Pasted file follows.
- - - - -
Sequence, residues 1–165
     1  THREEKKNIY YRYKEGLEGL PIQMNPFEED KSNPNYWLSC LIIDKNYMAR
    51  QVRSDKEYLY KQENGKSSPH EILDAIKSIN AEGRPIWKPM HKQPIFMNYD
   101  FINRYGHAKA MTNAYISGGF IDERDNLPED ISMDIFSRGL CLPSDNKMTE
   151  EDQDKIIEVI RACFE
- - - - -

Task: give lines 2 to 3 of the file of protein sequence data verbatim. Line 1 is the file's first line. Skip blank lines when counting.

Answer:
     1  THREEKKNIY YRYKEGLEGL PIQMNPFEED KSNPNYWLSC LIIDKNYMAR
    51  QVRSDKEYLY KQENGKSSPH EILDAIKSIN AEGRPIWKPM HKQPIFMNYD